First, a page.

Unlike arsenic, a confirmed human carcinogen, the carcinogenicity of iron remains debatable. However, increasing evidence summarized below shows that iron overload can contribute to cancer development either as an initiator or a promoter . The toxicity of iron is largely based on Fenton and Haber-Weiss chemistry wherein catalytic amounts of iron are sufficient to yield hydroxyl radicals (OH.) from superoxide (O2
.–) and hydrogen peroxide (H2O2), collectively known as “reactive oxygen intermediates” (ROIs). Importantly, ROIs are inevitable byproducts of aerobic respiration and are generated by incomplete reduction of dioxygen in mitochondria [38, 39].
Hepatocellular carcinoma patients may have higher iron stores than those who do not develop HCC . Iron can catalyze the production of oxygen radicals that may be proximate carcinogens [39, 41]. The results of a study conducted in Taiwan by Stevens et al.  were consistent with the hypothesis that increased iron stores increase the risk of primary hepatocellular carcinoma. Moreover, serum ferritin was thought to be related to body iron stores [43, 44]. The serum ferritin concentration, which is widely used clinically as an index of body iron stores, was predominantly varying by sex, blood donation, and age. The serum ferritin concentration tends to be lower among women and regular blood donors [45, 46], and it can also be expected to run parallel with physiological changes of human body. For example, female serum ferritin is increased before menopause to after menopause , but the concentration in females remains lower than that of men until after menopause [47, 48]. To sum, this difference in body iron stores is responsible for the gender difference in HCC mortality rate clustering in southwestern Taiwan.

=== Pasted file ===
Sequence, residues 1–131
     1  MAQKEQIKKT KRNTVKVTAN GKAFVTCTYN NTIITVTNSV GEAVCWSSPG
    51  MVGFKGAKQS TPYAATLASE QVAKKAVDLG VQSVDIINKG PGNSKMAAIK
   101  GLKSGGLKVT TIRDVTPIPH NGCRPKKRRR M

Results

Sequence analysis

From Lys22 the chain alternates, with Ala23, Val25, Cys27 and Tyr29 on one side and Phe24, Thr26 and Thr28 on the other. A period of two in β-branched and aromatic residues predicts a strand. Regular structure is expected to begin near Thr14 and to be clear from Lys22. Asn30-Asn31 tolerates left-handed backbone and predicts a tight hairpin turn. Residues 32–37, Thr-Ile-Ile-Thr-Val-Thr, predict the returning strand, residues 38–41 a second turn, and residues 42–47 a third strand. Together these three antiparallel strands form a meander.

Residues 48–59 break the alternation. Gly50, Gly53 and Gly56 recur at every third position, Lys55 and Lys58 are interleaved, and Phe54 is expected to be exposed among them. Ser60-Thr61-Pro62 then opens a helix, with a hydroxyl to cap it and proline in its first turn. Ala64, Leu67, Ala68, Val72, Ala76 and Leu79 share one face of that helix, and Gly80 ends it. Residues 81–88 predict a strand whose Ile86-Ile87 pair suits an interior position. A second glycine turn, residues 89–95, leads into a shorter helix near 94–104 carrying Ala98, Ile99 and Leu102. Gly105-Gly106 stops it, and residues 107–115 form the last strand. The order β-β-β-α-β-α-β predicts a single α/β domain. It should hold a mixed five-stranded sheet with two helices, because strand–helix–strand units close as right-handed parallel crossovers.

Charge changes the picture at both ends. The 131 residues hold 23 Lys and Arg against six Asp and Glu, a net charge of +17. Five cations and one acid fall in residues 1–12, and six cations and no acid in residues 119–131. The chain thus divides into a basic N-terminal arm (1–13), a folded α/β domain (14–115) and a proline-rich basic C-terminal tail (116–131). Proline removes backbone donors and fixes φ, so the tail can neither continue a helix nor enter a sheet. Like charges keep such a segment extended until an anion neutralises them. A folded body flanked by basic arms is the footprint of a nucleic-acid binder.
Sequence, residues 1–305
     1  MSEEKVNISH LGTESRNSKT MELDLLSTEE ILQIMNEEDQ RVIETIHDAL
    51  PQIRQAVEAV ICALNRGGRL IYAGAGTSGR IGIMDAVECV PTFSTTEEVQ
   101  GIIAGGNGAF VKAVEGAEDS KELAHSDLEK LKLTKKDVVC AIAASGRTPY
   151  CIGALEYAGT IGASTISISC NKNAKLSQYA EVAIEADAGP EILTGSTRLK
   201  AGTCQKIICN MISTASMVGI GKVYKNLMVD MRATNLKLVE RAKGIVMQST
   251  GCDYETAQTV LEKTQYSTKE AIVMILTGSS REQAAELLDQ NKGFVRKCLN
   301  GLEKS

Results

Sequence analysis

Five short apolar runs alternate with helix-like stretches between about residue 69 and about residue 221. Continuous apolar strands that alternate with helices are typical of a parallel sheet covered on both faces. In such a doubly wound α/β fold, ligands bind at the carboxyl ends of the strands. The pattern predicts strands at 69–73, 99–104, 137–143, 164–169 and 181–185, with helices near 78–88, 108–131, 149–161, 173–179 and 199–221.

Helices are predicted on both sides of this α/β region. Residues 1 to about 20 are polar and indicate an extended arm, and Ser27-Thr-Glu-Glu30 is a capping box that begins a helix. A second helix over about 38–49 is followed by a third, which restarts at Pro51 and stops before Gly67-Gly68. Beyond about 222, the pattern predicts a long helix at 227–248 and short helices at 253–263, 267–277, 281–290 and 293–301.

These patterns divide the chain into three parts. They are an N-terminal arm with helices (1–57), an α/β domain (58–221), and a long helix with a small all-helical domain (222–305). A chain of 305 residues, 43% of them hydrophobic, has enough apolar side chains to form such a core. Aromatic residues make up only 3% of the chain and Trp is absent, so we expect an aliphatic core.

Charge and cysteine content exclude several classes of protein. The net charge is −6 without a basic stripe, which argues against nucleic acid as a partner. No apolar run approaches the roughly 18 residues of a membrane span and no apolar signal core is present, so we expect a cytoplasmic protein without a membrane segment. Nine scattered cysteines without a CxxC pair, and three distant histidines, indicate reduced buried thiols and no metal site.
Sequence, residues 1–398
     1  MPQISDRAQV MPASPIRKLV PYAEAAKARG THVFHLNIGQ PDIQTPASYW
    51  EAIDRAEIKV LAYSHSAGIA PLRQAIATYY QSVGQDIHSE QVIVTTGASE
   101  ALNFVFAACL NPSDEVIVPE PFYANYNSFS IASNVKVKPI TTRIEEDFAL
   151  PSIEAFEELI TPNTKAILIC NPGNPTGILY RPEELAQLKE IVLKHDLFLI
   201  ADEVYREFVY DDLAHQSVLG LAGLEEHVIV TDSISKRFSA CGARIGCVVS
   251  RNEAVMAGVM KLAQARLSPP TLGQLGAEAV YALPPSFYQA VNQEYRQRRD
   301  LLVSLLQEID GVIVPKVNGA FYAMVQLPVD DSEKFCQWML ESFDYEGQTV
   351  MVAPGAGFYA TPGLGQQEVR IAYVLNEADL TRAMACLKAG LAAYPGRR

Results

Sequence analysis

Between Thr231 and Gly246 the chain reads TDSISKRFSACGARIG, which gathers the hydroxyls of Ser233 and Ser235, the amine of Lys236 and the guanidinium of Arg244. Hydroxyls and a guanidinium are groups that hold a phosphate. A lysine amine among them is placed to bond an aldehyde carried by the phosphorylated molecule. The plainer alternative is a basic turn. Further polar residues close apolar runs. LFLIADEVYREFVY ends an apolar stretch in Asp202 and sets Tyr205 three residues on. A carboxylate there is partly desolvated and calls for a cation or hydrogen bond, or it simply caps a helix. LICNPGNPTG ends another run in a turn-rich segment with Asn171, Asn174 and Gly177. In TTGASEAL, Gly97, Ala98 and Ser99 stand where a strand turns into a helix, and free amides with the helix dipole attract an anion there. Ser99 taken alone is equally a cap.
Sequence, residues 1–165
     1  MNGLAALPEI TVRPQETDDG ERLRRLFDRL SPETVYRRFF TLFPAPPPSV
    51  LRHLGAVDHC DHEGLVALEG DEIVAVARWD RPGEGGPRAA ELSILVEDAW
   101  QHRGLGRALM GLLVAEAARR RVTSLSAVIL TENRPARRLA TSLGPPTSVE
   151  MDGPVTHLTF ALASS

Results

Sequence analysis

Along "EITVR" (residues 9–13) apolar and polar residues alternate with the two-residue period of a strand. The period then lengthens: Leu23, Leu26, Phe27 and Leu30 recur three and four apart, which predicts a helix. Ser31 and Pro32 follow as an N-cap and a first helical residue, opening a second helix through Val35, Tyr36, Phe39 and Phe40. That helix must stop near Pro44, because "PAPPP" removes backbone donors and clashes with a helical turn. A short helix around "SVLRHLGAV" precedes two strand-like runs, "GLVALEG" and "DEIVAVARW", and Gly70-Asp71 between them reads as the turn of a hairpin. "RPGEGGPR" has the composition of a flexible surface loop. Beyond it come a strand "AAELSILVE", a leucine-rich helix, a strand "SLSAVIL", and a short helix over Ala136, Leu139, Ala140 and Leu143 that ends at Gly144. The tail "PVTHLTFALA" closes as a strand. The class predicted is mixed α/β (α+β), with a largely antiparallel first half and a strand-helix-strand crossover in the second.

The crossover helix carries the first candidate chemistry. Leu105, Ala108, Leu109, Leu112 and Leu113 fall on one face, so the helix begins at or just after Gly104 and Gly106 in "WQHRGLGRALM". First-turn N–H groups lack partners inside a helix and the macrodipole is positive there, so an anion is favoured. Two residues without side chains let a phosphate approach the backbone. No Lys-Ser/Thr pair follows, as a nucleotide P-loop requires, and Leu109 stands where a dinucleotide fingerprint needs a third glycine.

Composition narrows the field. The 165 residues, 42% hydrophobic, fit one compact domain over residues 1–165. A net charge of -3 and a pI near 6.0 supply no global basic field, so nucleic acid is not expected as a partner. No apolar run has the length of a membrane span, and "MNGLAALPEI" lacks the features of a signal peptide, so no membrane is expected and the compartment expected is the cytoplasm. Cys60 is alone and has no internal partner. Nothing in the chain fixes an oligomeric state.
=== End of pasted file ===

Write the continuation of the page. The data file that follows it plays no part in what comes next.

To the best of our knowledge, this study was the first ecologic epidemiology research to examine the association of HCC mortality with the concentration of iron in groundwater in Taiwan. Therefore, there is not yet any evidence to support the correlation of iron deposit in HCC patients with the concentration of iron in groundwater would be indicated in the previous studies. In an excellent work from Soe et al.  in Japan, Prussian blue staining was performed in order to detect iron deposition, and the iron deposition was found in 43% of the HCC cases. The study showed that, in Myanmar patients with HCC, iron deposition might accelerate hepatocarcinogenesis. We believe that iron overload in human consumption through diet pathway such as by groundwater may be a potential and important risk factor for etiologic investigations of HCC. Iron can catalyze the production of oxygen radicals that may be proximate carcinogens. Moreover, iron may play a role of limiting nutrient for the growth and replication of cancer cells. Therefore, our study may provide the clue to investigate the causal role of exogenous iron from groundwater in the etiology of human liver carcinogenesis that cannot be ruled out and warrants further investigation by using Prussian blue staining or iron contents in biopsy liver specimens, or etc.